Rural families of children with autism may benefit from telehealth, study says

Families of children diagnosed with Autism Spectrum Disorder who live in rural areas might receive better and more equitable access to early intervention services using telehealth technology, according to a recent study led by two University of Maine professors.

Studies have shown that early intervention is key to improving developmental and educational outcomes for children with autism. However, rural families often have to travel great distances for such services, which are more readily available near population centers. Telehealth is one option for addressing this problem.

“Increasing the availability of evidence-based interventions through telehealth may be a valid solution to closing the gap between service demand and availability in rural and underserved areas,” the study says.

Led by assistant professors of special education Deborah Rooks-Ellis and Sarah Howorth, the study looked at what happened when a state program provided an early intervention service to families via telehealth. The service was the parent-Early Start Denver Model, a relationship-based intervention that works with caregivers and children, targeting multiple skills within the child’s daily routine designed to strengthen and support development. Over a 12-week period, an experienced state interventionist worked with families on P-ESDM skills during 90-minute videoconferencing sessions.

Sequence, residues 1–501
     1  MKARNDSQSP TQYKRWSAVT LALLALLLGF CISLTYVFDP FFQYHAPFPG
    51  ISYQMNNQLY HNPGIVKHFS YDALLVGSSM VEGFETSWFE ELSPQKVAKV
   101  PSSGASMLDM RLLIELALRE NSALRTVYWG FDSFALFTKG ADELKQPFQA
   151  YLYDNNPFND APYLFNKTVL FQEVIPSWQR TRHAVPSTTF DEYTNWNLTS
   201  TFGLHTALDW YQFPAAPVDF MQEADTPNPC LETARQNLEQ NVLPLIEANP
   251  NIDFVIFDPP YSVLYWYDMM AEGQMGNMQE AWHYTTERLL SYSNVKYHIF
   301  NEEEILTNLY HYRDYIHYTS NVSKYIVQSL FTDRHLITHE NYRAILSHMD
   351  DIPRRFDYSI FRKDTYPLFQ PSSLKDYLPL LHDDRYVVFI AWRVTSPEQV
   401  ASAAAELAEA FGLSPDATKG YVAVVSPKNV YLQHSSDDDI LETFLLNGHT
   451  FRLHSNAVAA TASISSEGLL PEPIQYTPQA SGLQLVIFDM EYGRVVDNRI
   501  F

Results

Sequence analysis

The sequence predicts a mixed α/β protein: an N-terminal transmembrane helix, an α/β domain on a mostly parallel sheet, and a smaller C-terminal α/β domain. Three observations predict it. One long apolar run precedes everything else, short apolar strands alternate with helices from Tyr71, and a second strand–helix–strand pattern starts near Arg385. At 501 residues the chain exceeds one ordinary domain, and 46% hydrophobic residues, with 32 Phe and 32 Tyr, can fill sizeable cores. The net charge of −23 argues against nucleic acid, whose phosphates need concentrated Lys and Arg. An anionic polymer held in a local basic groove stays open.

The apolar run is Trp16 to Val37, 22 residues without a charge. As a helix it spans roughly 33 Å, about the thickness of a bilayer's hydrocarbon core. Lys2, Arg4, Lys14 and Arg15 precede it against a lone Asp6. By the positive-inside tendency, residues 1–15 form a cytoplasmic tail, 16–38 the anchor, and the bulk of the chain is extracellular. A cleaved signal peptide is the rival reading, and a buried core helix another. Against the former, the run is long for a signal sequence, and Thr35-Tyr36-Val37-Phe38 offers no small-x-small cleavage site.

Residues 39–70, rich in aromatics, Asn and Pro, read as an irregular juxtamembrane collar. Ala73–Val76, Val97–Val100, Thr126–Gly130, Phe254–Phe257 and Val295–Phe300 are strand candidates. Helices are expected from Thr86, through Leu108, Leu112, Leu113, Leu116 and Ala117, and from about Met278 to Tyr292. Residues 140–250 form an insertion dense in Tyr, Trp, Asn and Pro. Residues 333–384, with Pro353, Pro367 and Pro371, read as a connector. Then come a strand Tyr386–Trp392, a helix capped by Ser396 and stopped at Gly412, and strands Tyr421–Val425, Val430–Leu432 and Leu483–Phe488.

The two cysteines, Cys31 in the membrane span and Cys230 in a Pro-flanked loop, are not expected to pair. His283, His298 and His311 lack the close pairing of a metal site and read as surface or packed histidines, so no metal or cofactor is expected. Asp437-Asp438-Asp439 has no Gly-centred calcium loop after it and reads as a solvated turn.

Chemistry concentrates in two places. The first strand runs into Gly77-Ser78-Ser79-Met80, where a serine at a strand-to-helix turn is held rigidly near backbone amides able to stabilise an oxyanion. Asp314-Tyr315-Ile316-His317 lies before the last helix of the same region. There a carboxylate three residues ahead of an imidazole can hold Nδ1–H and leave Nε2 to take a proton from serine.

Parents who participated in the study showed a better grasp of the intervention strategies and reported satisfaction with how easy it was to access services through telehealth.

In addition, caregivers generally were pleased with the gains made by their children. The researchers found statistically significant changes in children’s ASD symptoms pre- and post-intervention in areas such as communication, social reciprocity, and repetitive and restricted behaviors. For example, following intervention, “parents reported their child shared enjoyment or excitement with others.” Children also “experienced problems in communicating with others less frequently” and “certain rituals or routines were reported to have less impact on… daily functioning.”

Although further research is needed, the authors conclude that: “Providing intervention using telehealth as a service delivery model may alleviate higher costs of services associated with travel time, distance between families, and provider shortages.”

In addition to Rooks-Ellis and Howorth, the study was conducted by Susane Boulette with the Maine Department of Education; Megan Kunze at the University of Oregon; and Ella Sulinski with UMaine’s School of Social Work. The research was made possible in part by a grant from the Maine Department of Education.

The results were published in the Journal of Childhood, Education & Society. The article is available online.

Contact: Casey Kelly,